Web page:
“They were very surprised by the environment they took for granted,” says Coté. “They discovered that plants they had walked past every day were significant in the diets of the coast Indigenous peoples, having either nutritional or medicinal qualities. That really opened their eyes.”

The students learned more about their UW surroundings when guest speaker Ken Workman, a Duwamish tribal member, visited class to discuss the history of the Duwamish people on whose land the University is located. Workman also spoke about the importance of cedar to Indigenous peoples of the Northwest coast, sharing how the traditional Duwamish burial practice was to wrap the deceased in cedar bark and place them in cedar trees. As the body and wrapping decomposed, nutrients would feed the tree. “As Ken told the story, he pointed to a cedar tree and said, ‘My ancestors are literally in those trees,’” says Coté. “That blew the students’ minds.”

Students wove cedar strips provided by Professor Coté (not pictured), who is a basket weaver.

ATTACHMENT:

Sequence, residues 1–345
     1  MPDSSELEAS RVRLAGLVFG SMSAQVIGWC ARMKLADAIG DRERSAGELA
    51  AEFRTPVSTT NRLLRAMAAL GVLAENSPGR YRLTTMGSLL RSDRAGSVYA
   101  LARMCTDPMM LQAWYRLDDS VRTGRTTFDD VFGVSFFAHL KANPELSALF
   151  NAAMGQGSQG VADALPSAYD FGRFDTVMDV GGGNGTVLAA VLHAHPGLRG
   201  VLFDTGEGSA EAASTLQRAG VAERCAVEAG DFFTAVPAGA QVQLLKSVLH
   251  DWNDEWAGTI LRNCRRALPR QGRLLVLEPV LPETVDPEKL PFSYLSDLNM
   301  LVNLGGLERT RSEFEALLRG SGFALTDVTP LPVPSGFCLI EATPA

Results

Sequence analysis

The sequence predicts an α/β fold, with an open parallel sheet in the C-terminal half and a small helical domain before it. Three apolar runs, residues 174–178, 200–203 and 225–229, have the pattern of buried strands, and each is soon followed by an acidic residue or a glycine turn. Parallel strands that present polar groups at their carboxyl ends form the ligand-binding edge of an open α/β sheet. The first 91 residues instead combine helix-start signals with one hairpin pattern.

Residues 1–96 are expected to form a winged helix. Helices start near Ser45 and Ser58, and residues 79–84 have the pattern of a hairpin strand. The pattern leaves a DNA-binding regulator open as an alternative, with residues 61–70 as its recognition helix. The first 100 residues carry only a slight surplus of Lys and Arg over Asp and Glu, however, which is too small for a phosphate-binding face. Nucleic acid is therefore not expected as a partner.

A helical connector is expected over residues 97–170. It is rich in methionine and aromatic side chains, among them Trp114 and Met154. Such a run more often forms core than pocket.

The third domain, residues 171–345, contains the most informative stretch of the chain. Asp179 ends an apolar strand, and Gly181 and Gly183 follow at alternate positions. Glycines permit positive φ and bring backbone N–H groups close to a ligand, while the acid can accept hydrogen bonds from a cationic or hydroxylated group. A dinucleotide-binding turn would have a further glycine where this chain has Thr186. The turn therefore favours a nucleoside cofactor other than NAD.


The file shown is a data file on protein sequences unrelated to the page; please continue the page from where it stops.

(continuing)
Coté continued the cedar theme with a session on weaving with cedar. A basket weaver herself, she brought samples of cedar bark before and after it had been stripped and soaked to be pliable for weaving. She then demonstrated weaving methods and asked students to start a simple weaving project, to be completed by the end of the quarter. 

The emphasis on cedar reflects the essential role cedar trees have played in the lives of Northwest peoples, providing raw material for everything from housing to clothing to the canoes that were once their main mode of travel. “Cedar was used for all aspects of our lives, utilitarian and ceremonial, including ceremonial regalia like rattles, drums, and headdresses,” says Coté. “It has a spiritual quality to it because of how it helps sustain our cultures and traditions.”

Charlotte Coté (center) in a selfie with students as they watch canoes arrive at Alki Beach.